After establishing Ireland as the focal point of golf, newly crowned British Open winner Darren Clarke, U.S. Open champion Rory McIlroy and two other local major winners will descend on Killarney for the rejuvenated Irish Open.
Clarke's three-shot victory at Royal St. George's sealed Northern Ireland's third major in 13 months after Graeme McDowell and McIlroy's triumphs in successive U.S. Opens. That followed three wins in grand slam events between 2007-08 for Padraig Harrington of Ireland.
Clarke is aiming to become only the third player to hold both British and Irish Open titles, after Nick Faldo of England and Harrington, who is also competing this week.
"It would be a hell of an achievement — a dream come true — to have The Open and Irish Open trophies on display back home," Clarke said on the European Tour website. "I've been close on a number of occasions and never quite got the job done — a bit like The Open you could say."
Following his victory two weeks ago, the Northern Irishman's exuberant celebrations received a lot of attention on radio shows. Clarke defended his behavior, suggesting it shouldn't have become an issue.
"I won a golf tournament and people are concerned about whether or not I had one pint too many. I mean, get a life — it's sport," Clarke said Wednesday, according to the British Press Association. "People are entitled to their opinion, but there are bigger and more important things than me winning a tournament."
The 42-year-old Clarke's first appearance on the European Tour came at the Irish Open, as an amateur in 1990. He finished 50th, 18 shots behind winner Jose Maria Olazabal.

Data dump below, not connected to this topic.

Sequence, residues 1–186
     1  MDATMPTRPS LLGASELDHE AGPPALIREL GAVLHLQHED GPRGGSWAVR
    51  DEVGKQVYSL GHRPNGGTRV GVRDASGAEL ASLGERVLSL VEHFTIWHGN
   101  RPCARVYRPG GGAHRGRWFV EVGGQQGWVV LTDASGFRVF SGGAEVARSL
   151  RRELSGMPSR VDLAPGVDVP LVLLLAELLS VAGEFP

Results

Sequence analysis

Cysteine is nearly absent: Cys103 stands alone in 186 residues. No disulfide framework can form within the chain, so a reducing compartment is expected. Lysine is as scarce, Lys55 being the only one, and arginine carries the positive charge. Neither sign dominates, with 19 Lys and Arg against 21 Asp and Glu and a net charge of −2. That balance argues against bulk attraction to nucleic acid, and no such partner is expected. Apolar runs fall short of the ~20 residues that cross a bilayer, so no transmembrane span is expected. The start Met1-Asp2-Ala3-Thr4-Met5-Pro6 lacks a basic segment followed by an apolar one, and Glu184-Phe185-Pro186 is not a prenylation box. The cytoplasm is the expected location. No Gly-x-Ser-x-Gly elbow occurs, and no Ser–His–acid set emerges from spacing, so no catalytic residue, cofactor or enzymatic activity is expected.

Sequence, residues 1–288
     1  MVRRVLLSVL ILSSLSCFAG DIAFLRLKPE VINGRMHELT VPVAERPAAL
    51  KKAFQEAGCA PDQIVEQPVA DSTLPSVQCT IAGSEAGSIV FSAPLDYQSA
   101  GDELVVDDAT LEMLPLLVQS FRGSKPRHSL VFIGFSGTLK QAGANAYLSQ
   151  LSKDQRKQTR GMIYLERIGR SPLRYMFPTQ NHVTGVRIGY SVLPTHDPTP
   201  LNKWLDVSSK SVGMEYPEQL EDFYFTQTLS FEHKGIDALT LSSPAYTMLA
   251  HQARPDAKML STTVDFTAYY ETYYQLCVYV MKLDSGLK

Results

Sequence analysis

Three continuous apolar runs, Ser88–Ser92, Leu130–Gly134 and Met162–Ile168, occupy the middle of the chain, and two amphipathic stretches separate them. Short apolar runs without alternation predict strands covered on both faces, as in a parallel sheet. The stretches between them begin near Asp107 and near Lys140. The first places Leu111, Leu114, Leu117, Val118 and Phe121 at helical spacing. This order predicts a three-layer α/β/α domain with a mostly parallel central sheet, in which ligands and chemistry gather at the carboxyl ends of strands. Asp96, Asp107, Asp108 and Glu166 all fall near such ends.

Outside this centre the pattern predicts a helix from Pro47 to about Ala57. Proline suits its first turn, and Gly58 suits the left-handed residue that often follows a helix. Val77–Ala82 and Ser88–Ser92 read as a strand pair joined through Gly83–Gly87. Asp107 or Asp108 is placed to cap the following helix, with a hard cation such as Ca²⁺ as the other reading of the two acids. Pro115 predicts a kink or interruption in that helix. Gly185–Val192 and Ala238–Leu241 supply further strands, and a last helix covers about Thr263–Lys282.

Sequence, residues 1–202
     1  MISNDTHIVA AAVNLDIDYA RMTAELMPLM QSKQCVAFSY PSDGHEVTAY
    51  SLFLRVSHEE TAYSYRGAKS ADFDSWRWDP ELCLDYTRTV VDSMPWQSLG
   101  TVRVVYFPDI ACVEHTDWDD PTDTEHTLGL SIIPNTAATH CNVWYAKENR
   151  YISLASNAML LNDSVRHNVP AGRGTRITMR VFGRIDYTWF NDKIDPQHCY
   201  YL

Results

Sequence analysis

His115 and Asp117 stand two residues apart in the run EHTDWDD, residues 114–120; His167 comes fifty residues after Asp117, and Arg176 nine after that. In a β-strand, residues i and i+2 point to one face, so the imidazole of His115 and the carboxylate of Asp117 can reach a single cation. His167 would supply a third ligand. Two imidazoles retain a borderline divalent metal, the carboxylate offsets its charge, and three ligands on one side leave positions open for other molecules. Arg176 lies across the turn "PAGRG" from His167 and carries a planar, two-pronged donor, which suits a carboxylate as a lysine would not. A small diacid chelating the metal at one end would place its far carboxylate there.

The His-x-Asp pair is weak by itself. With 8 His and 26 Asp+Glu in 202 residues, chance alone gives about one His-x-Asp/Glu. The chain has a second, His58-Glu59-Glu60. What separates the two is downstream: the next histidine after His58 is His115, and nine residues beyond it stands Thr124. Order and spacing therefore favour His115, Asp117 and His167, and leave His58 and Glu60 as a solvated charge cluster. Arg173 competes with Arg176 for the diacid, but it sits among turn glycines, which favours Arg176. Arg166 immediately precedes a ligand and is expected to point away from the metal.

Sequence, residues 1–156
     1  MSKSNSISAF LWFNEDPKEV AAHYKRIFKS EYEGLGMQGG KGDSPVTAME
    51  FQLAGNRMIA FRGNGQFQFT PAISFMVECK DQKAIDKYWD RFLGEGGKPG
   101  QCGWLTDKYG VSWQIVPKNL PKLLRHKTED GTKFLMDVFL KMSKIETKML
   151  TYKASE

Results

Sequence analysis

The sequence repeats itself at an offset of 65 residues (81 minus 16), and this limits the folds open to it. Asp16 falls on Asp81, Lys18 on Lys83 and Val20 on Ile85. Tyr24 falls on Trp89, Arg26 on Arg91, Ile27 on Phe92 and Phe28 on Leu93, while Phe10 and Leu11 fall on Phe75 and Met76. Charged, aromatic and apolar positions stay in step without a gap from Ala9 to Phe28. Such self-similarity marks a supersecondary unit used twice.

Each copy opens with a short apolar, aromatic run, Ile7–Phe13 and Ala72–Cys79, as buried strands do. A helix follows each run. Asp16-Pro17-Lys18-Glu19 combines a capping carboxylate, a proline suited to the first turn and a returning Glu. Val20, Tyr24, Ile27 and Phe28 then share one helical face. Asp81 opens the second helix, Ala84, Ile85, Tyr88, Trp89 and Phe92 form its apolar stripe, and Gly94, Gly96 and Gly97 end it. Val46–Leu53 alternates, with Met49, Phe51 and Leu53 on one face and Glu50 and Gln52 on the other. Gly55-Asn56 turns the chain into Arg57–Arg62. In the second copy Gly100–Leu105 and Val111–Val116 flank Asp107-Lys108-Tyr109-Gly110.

The favorite this week at Killarney Golf and Fishing Club is McIlroy who, alongside Clarke, was made an honorary life member of the European Tour on Wednesday for their achievements in this year's majors.
Despite his success this season, McIlroy said it would still be special to win the Irish Open.
"To win your national Open is a huge goal of anyone's. You want to win your national Open and it would be a huge achievement." McIlroy said on the website. "I think with Darren doing what he did a couple of weeks ago, and myself winning in the U.S., I think there's a tremendous atmosphere and a great buzz about the tournament."
After the Irish Open, McIlroy will return to his preferred climate and conditions in America, competing in the WGC Bridgestone Invitational and PGA Championship.
With two Northern Irishmen leading the challengers, along with the presence of McDowell and Harrington, organizers are expecting record crowds of 100,000 for the tournament, which starts Thursday.
Despite the anticipation, the event has overcome several obstacles.
The official sponsors pulled out in favor of backing the Irish soccer team, meaning the prize money was reduced by 50 percent. Before the successes of McIlroy and Clarke, ticket sales were slow, partly because of the Irish economy.
Along with the favorites, Irish hopes will be on former Ryder Cup vice-captain Paul McGinley and 2009 champion Shane Lowry. Lowry defeated Robert Rock of England in a playoff for the victory as an amateur.
Englishman Ross Fisher will look to his defend title, having won the tournament by two shots ahead of Harrington.
He was helped by a second-round, course record 10-under-par 61.